Lab tests suggest that a wide variety of plants may routinely do something that scientists had previously thought impossible—produce methane in significant quantities.
Methane, like carbon dioxide, traps heat in Earth’s atmosphere. Scientists have been studying natural sources of methane for decades but hadn’t pegged plants as a producer, notes Frank Keppler, a geochemist at the Max Planck Institute for Nuclear Physics in Heidelberg, Germany. Previously recognized sources of methane include bacterial action in the digestive systems of ruminants such as cows and in the saturated soils of swamps and rice paddies.
Now, Keppler and his colleagues find that plants, from grasses to trees, may also be sources of the greenhouse gas. “This is really surprising,” Keppler says, because most scientists assumed that methane production requires an oxygenfree environment.
In its experiments, Keppler’s team scrutinized the gaseous emissions of a variety of plants and their debris at normal atmospheric oxygen concentrations. A gram of dried plant material, such as fallen leaves, released up to 3 nanograms of methane per hour when the temperature was about 30°C. Each 10°C rise above that temperature, up to 70°C, caused the emission rate to approximately double.
Living plants growing at their normal temperatures generated even larger quantities of methane, as much as 370 ng per gram of plant tissue per hour. Methane emission more than tripled when the plants, either living or dead, were exposed to sunlight.
The team’s experiments took place in sealed chambers with a well-oxygenated atmosphere, so it’s unlikely that bacteria that thrive without oxygen generated the methane, says Keppler. Experiments on plants that were grown in water rather than in soil also resulted in methane emissions, another strong sign that the gas came from the plants and not soil microbes.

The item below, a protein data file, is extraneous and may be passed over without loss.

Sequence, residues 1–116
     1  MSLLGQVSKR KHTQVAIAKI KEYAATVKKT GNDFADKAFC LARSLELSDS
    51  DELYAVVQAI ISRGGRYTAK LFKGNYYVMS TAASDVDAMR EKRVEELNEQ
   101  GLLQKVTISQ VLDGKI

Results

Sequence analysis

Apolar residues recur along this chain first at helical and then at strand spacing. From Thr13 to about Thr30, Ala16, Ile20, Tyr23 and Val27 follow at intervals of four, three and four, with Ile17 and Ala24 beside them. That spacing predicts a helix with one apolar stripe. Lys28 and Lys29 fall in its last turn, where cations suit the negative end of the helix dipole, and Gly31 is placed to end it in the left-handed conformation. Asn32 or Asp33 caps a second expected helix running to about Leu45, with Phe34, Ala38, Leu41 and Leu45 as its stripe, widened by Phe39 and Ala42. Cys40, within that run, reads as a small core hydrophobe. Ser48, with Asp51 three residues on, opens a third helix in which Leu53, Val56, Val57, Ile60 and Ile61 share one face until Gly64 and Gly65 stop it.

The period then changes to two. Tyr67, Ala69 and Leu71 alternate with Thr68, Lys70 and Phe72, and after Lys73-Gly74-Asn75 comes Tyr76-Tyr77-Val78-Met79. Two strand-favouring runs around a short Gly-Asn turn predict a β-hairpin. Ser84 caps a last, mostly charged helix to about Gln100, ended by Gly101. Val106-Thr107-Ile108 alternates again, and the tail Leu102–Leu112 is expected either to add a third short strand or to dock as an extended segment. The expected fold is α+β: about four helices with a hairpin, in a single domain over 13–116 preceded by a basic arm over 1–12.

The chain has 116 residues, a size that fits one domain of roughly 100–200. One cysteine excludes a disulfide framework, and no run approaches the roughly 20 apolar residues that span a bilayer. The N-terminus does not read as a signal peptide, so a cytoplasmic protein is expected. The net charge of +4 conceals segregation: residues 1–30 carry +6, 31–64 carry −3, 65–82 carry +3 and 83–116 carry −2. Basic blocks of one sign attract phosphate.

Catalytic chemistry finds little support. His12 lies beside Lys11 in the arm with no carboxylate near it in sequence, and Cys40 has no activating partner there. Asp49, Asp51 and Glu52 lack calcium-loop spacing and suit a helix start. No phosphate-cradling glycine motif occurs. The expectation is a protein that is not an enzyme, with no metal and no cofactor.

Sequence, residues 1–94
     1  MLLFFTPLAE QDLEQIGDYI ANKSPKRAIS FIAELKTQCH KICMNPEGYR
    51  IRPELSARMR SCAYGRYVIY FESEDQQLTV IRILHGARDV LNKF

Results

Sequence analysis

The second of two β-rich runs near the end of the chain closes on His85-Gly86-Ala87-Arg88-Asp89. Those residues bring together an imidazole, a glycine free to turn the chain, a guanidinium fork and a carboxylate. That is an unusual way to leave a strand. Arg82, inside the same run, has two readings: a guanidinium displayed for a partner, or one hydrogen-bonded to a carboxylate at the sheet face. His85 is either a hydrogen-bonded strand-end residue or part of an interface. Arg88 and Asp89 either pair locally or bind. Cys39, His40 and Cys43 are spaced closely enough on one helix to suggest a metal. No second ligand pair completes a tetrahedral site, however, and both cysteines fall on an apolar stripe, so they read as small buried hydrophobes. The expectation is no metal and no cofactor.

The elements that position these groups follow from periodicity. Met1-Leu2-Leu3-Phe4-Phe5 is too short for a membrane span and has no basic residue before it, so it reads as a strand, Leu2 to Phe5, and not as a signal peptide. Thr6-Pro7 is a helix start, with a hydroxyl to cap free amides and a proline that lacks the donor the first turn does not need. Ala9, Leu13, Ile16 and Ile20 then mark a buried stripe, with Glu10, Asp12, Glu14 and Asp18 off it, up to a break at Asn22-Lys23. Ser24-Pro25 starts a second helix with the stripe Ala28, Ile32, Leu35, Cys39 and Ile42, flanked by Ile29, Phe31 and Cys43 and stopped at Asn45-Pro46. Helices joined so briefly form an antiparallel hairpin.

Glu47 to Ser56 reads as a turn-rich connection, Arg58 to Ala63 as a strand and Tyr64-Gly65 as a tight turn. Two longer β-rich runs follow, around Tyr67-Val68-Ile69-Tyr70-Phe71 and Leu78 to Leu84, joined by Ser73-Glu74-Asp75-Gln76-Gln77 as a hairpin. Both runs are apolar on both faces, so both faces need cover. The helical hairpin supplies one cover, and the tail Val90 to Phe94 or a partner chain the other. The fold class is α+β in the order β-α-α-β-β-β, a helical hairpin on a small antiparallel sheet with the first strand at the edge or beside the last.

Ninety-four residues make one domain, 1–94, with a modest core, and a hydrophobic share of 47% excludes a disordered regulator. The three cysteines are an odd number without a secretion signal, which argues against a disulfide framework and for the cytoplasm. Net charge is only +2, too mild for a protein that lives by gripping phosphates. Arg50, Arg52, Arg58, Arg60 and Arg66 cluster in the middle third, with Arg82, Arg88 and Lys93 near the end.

From their data, the researchers estimate that the world’s plants generate more than 150 million metric tons of methane each year, or about 20 percent of what typically enters the atmosphere. They report their findings in the Jan. 12 Nature.
“This is some pretty strange chemistry,” says David C. Lowe, an atmospheric chemist with the National Institute of Water and Atmospheric Research in Wellington, New Zealand. One reason that scientists hadn’t considered plants as a source of the gas is that the laws of thermodynamics don’t favor methane production in an oxygen-rich environment. However, Lowe notes, many plants produce volatile hydrocarbons that contribute to haze and smog (SN: 12/7/02, p. 360: Available to subscribers at Solving Hazy Mysteries).
The new finding is an “interesting observation,” says Jennifer Y. King, a biogeochemist at the University of Minnesota in St. Paul. Because some types of soil microbes consume methane, they may prevent plant-produced methane from reaching the atmosphere. Field tests will be needed to assess the plants’ influence, she notes.
The Keppler team’s results may partially explain the large methane plumes recently observed over some tropical forests by Earth-orbiting satellites, says John B. Miller, an atmospheric scientist at the Earth System Research Laboratory in Boulder, Colo. Although such plumes are unsurprising during the rainy season, when methane-producing soil microbes are most active, they also appeared during the dry season.
The new findings will probably spur researchers to revise their models of where and how methane is generated as well as their interpretations of the gas’ concentrations measured in ancient ice cores. “This is a big deal if it’s real,” says Stanley C. Tyler, an atmospheric chemist at the University of California, Irvine.